I try really hard to shop local whenever possible, but sometimes it is just not that convenient in the new world where ordering anything and everything can be had at the push of a button in the comfort of your jammies with a cup of hot coffee by your side.
I know in my business, I have not made walking into it easy for my customers. Covid has changed the way I want to live my life. I don’t want to be chained to anything anymore so creating an online business model has been a welcomed change for me. I receive my ten or twenty orders, I take my long walk to work, (downstairs from my second floor to my first floor), with my cup of coffee, pack my orders with the love and care like a customer was standing right in front of me and drive off to the UPS store to send them to the happy and often surprised recipient.
For the first time in my life, I don’t want to record all of my systems, I don’t want to hire a ton of people to do the job. I don’t want to scale this into some gigantic thing. I have found myself really enjoying packing the daily orders and the discovering of small boutique brands to carry each company with their own stories I get to be a part of when I order from them.
Sure I have some loose semblance of a plan, I know that this new company has to have enough growth to sustain me. I have to keep my expenses in check, my inventory up to speed, both in creativity and quantity.
This Is A Unique Time
What I have noticed in this unique time in so many of our lives is that I am in a unique situation of being able to offer both an online experience and a brick and mortar one. What I have also realized is that in my old way of doing business, I never considered the bounty of business possible outside of my brick and mortar.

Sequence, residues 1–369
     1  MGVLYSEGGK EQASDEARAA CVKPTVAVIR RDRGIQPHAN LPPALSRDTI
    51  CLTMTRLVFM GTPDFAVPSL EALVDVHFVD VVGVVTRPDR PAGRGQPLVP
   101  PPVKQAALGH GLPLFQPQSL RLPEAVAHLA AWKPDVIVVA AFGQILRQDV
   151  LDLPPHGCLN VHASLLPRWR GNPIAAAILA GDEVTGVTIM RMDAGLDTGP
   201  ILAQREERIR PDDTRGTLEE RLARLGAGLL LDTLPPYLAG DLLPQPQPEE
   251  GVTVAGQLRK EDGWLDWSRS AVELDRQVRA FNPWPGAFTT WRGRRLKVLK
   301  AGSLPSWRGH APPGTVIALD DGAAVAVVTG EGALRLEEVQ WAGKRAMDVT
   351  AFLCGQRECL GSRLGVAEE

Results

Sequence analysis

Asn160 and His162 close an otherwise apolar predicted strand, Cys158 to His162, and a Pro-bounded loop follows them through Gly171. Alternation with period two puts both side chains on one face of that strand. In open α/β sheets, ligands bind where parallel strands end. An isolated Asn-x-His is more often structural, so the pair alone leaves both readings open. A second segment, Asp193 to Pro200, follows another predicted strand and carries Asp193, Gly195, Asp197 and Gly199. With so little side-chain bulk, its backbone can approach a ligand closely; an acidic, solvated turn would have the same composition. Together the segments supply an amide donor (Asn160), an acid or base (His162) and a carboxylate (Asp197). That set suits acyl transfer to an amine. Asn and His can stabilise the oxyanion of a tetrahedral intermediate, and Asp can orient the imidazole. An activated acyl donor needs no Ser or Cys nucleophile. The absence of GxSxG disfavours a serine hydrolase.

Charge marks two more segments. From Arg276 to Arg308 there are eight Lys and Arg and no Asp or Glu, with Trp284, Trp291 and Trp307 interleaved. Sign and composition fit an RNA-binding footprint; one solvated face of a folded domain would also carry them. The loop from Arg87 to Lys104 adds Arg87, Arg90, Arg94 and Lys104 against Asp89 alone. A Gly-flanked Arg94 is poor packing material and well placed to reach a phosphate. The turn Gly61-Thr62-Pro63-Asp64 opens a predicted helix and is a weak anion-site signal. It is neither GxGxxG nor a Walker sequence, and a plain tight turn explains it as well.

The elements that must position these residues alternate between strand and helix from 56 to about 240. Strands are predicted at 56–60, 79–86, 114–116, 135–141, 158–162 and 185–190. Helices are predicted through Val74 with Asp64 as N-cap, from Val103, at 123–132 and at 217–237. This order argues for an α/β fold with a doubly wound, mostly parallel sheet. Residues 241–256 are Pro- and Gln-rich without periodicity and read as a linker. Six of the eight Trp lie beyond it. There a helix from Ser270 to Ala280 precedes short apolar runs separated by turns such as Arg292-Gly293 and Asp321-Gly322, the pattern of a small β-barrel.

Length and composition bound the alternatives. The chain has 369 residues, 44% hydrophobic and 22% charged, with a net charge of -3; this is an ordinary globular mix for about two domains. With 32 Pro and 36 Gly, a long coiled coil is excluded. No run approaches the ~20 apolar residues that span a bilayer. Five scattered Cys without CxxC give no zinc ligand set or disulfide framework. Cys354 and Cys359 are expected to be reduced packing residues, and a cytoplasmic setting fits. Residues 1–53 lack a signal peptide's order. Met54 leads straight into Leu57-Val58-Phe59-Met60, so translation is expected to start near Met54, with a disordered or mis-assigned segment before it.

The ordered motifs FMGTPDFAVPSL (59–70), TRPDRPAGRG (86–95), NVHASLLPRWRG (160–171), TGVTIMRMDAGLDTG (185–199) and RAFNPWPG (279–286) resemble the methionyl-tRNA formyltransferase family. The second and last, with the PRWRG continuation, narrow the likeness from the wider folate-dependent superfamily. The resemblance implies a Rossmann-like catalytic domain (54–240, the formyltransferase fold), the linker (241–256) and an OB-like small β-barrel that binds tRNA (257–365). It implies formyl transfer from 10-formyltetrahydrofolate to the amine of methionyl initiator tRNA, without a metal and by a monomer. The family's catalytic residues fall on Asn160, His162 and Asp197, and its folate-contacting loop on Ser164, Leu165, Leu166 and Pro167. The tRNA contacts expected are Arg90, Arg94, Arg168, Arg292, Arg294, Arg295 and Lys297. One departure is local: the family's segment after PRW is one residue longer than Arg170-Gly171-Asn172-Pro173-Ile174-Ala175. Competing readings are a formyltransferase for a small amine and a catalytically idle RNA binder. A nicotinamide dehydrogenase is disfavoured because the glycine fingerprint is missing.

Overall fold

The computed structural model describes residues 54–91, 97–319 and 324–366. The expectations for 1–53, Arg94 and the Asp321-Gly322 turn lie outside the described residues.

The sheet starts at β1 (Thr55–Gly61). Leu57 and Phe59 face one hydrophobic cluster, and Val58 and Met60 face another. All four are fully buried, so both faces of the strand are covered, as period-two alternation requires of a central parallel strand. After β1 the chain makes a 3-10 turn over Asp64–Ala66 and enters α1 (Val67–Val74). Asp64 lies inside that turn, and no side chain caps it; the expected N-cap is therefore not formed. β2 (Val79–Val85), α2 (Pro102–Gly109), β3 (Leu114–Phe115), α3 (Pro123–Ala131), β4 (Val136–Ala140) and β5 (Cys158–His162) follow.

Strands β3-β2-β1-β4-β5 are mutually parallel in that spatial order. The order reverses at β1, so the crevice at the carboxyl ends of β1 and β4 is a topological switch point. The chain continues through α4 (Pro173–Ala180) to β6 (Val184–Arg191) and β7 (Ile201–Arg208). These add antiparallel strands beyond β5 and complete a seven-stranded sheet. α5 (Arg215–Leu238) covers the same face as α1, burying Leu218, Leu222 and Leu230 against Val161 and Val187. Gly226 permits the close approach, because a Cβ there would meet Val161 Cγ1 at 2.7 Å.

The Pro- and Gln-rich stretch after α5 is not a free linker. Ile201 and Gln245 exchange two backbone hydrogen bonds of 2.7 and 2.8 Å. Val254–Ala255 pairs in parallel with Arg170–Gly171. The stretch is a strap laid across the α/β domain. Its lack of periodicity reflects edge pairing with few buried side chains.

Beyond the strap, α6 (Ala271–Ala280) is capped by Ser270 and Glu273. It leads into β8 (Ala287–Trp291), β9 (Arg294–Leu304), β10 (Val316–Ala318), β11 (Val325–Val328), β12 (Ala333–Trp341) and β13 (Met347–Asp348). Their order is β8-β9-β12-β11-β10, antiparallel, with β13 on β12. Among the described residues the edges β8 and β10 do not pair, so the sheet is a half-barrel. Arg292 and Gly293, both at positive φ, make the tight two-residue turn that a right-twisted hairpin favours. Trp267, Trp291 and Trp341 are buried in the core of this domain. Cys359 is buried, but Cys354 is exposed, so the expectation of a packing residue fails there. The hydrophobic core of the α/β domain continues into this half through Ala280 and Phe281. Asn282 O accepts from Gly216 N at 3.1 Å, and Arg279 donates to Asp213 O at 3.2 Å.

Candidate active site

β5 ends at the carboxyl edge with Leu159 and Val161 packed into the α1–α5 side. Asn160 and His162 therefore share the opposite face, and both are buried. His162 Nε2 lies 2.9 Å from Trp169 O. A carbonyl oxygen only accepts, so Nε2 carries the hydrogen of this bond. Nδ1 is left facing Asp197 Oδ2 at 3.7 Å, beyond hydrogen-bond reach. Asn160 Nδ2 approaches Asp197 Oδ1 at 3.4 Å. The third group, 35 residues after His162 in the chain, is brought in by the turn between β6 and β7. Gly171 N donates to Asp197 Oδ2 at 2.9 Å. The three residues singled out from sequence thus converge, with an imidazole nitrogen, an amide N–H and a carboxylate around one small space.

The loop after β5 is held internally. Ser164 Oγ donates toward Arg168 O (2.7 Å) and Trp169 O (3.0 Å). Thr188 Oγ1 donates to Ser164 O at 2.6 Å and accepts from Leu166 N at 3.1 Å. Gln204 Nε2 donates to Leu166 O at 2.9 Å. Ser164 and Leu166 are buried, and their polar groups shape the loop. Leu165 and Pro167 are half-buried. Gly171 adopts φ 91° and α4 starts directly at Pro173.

Shopping online makes it far easier to offer my brand to way more people. My challenge is getting people to head to my website and look beyond the skin care portion of it and play in the messiness of the rest of it. I realize it is not as easy as it looks when purchasing online from someone else. We have mostly become an impatient society- we want it like five minutes ago.
I have constant revelations about how to make my site better. It has kept me up at night, and gotten me out of bed at four am almost daily to work on it.
If you are willing to take the time to move around the pages of my site, there are so many fun items to shop for. When and if you decide to do this, you can feel confident that you are shopping a real life small business who is still standing. If you need guidance or want to set up a virtual personal shopping call, you can do that here. I will be open for walk-ins sparingly, but I just added a slew of dates you can schedule for private shopping and bring some friends along.
I am excited about all of this change. I am exhausted from all of this change. What I do know with all of my heart though is that I still love my business more now than I did when I opened twenty years ago. I have gone back to small, back to my roots, two treatment rooms, three employees, and lots and lots of retail. Where I started back to the good old days.